When you reach out and grab a virtual object or surface, there’s nothing stopping your physical hand in the real world. To make physical interactions in VR feel compelling and natural, we have to play with some fundamental assumptions about how digital objects should behave. The Leap Motion Interaction Engine handles these scenarios by having […]
// Augmented & Virtual Reality
As mainstream VR/AR input continues to evolve – from the early days of gaze-only input to wand-style controllers and fully articulated hand tracking – so too are the virtual user interfaces we interact with. Slowly but surely we’re moving beyond flat UIs ported over from 2D screens and toward a future filled with spatial interface paradigms that take advantage of depth and volume.
Last time, we looked at how an interactive VR sculpture could be created with the Leap Motion Graphic Renderer as part of an experiment in interaction design. With the sculpture’s shapes rendering, we can now craft and code the layout and control of this 3D shape pool and the reactive behaviors of the individual objects.
By adding the Interaction Engine to our scene and InteractionBehavior components to each object, we have the basis for grasping, touching and other interactions. But for our VR sculpture, we can also use the Interaction Engine’s robust and performant awareness of hand proximity. With this foundation, we can experiment quickly with different reactions to hand presence, pinching, and touching specific objects. Let’s dive in!
Today we’re excited to announce the opening of our new design research studio in London with visionary VR/AR filmmaker Keiichi Matsuda, who will lead the new office and assume the role of VP of Design and Global Creative Director.
With the next generation of mobile VR/AR experiences on the horizon, our team is constantly pushing the boundaries of our VR UX developer toolkit. Recently we created a quick VR sculpture prototype that combines the latest and greatest of these tools.
The Leap Motion Interaction Engine lets developers give their virtual objects the ability to be picked up, thrown, nudged, swatted, smooshed, or poked. With our new Graphic Renderer Module, you also have access to weapons-grade performance optimizations for power-hungry desktop VR and power-ravenous mobile VR.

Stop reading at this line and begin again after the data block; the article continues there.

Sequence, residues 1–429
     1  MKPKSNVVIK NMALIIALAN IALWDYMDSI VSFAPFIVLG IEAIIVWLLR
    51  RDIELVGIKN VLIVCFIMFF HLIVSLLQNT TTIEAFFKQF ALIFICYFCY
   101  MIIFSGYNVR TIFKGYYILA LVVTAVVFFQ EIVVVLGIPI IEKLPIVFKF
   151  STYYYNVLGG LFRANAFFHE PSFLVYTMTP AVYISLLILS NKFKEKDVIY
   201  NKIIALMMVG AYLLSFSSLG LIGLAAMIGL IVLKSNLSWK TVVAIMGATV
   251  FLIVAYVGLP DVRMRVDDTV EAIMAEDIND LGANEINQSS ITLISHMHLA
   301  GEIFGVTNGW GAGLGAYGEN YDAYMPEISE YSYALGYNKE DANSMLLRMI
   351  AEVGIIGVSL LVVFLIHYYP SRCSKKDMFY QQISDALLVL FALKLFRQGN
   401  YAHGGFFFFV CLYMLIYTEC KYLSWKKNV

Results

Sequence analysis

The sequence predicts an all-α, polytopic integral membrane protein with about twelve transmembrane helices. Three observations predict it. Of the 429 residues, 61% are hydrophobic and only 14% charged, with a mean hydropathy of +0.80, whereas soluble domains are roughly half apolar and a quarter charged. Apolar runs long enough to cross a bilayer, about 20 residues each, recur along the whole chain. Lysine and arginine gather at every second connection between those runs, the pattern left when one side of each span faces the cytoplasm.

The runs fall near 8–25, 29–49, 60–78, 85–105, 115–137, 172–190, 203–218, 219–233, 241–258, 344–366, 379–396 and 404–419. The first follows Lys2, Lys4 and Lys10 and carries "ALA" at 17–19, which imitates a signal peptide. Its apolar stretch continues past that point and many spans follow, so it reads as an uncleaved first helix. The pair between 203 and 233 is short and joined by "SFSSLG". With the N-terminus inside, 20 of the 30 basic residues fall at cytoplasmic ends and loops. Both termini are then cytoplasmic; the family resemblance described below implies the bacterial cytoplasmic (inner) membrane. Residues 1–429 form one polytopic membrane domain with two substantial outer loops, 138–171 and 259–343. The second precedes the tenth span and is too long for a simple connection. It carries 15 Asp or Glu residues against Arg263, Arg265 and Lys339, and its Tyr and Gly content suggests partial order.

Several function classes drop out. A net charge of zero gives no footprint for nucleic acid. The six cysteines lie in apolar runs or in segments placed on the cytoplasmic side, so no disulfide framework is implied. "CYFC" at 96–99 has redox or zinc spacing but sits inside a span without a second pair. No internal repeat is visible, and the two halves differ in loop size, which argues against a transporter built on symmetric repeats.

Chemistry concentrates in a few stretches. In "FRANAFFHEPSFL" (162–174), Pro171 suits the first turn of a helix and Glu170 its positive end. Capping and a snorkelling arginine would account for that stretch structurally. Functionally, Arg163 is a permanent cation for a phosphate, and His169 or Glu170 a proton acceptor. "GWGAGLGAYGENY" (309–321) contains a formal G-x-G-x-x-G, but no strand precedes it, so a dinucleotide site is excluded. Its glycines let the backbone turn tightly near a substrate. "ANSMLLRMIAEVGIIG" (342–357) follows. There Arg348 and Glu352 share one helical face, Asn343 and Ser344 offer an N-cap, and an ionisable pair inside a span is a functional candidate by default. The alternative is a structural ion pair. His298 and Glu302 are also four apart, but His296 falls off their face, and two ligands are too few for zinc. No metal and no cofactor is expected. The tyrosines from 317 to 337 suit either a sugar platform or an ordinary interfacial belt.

In this post, we’ll walk through a small project built using these tools. This will provide a technical and workflow overview as one example of what’s possible – plus some VR UX design exploration and performance optimizations along the way.
Explorations in VR Design is a journey through the bleeding edge of VR design – from architecting a space and designing groundbreaking interactions to making users feel powerful. Art takes its inspiration from real life, but it takes imagination (and sometimes breaking a few laws of physics) to create something truly human. With last week’s […]
As humans, we are spatial, physical thinkers. From birth we grow to understand the objects around us by the rules that govern how they move, and how we move them. These rules are so fundamental that we design our digital realities to reflect human expectations about how things work in the real world. At Leap […]
Creating a sense of space is one of the most powerful tools in a VR developer’s arsenal. In our Exploration on World Design, we looked at how to create moods and experiences through imaginary environments. In this Exploration, we’ll cover some key spatial relationships in VR, and how you can build on human expectations to create a sense of […]
This week, we’re excited to share our latest milestone on the road to truly compelling mobile VR. We’ve joined forces with Qualcomm Technologies to combine their Snapdragon 835 mobile platform with our embedded hand tracking technology so that people can interact with mobile VR content using their bare hands.
Universities are the earliest adopters of virtual and augmented reality. Even in the third age of VR, when the technology is small, inexpensive, and powerful enough that millions of people can own it, universities are still at the bleeding edge of VR research and development. A recent survey of 553 universities in the VR First Network gives us an […]